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After China hosted the Olympics showpiece, I became interested in visiting the country.
My week-long stay there was an eye-opener and I now know what the saying, if you snooze you lose, means.
It was an enlightening trip indeed. Chinese people work like there is no tomorrow. It's no wonder their economy is booming.
"We feel that if we sit down for a moment we waste time; even to sit and drink tea or stop to say hello to someone we feel is a waste of time," said Lv Jing, secretary at the South African Embassy in Beijing.
The flight from South Africa to Hong Kong took 13 hours. We stayed there for a day and then flew a further two hours to our destination, Chongqing.
I was especially impressed by the road infrastructure in the country and the way Chongqing was being developed.
Extra-long buildings and soccer stadiums are being built and one could be forgiven for thinking that China was hosting another world event soon.
Another thing that blew me away was how people, regardless of their positions, travel to work on bicycles.
"That's how we live. Here it is normal for even the managing director of a powerful company to come to work on a bicycle," said an employee of the Hilton Chongqing hotel, where we stayed.
"China has many people and you can imagine what it would be like if all of us used vehicles like in your country," she said.
It's a pity that it rained all the time we were there because it prevented us from walking around and meeting people.
I saw no black people, except Mpumalanga premier Thabang Makwetla, his spokesman Ntime Skosana, and his entourage of government officials.
If you thought Nigerians and troubled Zimbabweans were all over the world, like I did, think again. You won't easily bump into a black brother or sister in China.
After three fun-filled days in Chongqing, we went to the province of Sichuan, where thousands of people died in May in a powerful earthquake.
Makwetla pledged R1million towards the Sichuan reconstruction fund.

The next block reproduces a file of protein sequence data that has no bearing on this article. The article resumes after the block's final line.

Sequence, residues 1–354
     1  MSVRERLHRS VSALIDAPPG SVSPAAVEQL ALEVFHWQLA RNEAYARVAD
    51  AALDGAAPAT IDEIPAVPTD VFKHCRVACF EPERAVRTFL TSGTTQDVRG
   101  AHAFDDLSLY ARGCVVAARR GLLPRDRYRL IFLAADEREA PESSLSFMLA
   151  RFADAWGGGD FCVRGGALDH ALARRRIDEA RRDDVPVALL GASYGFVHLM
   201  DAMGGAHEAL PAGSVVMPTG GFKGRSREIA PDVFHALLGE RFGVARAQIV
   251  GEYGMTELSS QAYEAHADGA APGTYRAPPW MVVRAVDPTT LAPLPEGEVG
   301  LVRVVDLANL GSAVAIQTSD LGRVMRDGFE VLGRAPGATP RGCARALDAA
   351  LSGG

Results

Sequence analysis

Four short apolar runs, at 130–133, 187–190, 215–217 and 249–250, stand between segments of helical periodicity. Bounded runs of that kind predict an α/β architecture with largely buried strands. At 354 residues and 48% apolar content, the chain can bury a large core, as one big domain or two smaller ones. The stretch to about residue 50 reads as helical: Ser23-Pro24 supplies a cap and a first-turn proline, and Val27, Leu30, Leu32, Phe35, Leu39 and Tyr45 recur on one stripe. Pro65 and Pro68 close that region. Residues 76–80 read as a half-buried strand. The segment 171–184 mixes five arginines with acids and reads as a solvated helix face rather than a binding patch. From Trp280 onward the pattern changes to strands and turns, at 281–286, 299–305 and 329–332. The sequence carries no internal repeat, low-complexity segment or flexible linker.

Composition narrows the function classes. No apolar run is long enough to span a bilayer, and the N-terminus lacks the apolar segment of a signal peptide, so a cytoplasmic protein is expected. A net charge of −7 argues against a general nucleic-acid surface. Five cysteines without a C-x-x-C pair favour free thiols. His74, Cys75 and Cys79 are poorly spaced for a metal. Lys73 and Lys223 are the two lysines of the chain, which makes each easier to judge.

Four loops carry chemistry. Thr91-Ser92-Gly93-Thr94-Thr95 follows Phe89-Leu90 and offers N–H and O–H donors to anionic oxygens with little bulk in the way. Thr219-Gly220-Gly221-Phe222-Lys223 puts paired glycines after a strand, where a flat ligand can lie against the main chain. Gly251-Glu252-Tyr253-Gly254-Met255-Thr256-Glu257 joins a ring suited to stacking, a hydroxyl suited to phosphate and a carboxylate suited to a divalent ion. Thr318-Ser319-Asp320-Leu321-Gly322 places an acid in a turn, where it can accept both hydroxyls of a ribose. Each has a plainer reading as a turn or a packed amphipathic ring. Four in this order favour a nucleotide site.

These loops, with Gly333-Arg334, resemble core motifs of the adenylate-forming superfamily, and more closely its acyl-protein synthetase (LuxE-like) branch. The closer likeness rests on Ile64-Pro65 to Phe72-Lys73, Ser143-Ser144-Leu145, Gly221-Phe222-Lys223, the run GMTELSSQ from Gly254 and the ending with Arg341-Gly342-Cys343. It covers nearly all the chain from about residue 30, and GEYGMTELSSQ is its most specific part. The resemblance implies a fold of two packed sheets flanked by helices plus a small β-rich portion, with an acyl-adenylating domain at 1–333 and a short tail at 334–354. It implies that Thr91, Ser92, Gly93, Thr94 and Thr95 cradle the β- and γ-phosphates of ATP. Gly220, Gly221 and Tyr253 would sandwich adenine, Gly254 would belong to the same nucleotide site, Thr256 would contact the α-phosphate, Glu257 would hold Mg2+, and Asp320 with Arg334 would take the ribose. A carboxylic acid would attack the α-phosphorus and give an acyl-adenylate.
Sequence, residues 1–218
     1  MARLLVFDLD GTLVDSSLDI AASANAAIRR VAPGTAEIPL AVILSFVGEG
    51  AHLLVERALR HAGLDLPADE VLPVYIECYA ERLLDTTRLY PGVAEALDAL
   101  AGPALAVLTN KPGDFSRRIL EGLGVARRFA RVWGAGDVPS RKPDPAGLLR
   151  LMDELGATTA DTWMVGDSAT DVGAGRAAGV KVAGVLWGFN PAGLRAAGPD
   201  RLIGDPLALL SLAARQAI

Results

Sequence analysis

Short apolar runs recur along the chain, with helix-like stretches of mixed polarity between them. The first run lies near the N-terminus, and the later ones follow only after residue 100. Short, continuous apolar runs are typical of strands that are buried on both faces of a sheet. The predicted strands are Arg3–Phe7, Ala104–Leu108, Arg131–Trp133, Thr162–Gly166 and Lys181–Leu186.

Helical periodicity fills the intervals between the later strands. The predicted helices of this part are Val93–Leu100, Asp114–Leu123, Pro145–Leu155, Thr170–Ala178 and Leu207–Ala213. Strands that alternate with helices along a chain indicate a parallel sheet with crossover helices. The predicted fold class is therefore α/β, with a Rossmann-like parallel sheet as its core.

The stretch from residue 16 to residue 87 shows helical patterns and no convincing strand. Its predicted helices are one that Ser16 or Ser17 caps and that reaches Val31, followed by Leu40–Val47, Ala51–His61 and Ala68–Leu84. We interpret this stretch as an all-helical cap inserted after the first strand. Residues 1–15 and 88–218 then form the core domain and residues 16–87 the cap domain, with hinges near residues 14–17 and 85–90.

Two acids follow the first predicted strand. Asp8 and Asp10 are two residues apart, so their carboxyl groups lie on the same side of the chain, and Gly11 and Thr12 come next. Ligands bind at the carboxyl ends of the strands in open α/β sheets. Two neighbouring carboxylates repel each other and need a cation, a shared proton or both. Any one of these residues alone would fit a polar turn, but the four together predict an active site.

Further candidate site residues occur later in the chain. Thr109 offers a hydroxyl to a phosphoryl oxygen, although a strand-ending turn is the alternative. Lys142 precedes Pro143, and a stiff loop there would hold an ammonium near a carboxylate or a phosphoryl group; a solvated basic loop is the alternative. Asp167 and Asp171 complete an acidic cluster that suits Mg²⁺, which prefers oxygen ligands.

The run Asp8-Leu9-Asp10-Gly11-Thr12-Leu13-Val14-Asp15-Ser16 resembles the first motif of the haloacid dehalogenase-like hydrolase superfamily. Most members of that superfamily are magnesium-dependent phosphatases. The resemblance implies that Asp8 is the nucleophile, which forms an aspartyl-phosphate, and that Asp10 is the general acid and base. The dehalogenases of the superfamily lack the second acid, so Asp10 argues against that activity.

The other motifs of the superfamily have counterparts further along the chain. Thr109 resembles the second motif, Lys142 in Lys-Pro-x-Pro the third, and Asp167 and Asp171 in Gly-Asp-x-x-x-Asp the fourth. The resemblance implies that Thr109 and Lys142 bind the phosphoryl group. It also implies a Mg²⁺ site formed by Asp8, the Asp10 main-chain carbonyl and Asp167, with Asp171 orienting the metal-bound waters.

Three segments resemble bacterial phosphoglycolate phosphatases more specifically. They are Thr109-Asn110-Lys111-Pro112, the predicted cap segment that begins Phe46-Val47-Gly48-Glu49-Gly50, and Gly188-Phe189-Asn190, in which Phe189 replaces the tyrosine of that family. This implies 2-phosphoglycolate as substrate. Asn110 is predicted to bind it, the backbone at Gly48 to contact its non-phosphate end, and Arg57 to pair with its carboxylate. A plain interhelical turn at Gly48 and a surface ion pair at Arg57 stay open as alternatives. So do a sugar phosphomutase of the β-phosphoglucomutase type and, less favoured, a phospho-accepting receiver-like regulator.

"The world recognised the resilience and efficiency of the people and government of China and it is in this context that Mpumalanga would like to make a modest contribution of R1million, to demonstrate our solidarity with you during this moment of pain," Makwetla said.
Sichuan governor Jrang Jafeng expressed his gratitude to the people of South Africa and of Mpumalanga in particular.
He said basic infrastructure had been damaged in the earthquake and more than 10million people had to be resettled, while close to 360000 people were treated for serious injuries.
My dream of making a Chinese friend or two didn't materialise. Language was a barrier. Though the people were very friendly, we could not chat because their English was as good as our Chinese - nonexistent.
I was in China as part of the delegation to witness the signing of the memorandums of understanding between Mpumalanga and one of the largest regions in the south west of China, Sichuan, and the Chongqing municipality.
In the two memorandums signed by Makwetla and his counterpart, Jrang, and Mayor Wang Hongu, Mpumalanga seeks to deepen and renew relations between the two provinces.
The areas of focus include human resource development, economic development, agriculture, education, business to business partnerships and other areas of mutual interest.
The visit also formed part of the 10th anniversary of diplomatic relations between South Africa and China.
Since the establishment of diplomatic relations in 1998, total trade has grown significantly between South Africa and China. According to the Trade and Industry Department, trade increased from R5,2billion to R72,9billion between 1998 and November last year.
China is our fifth largest export market after the US, Japan, Germany and the UK. China was the second largest import partner after Germany in the same period.
Mpumalanga's drive to establish strong ties with China forms part of the national government's approach to strengthen trade relations with emerging markets such as India and Brazil.
l The writer was a guest of the Mpumalanga government.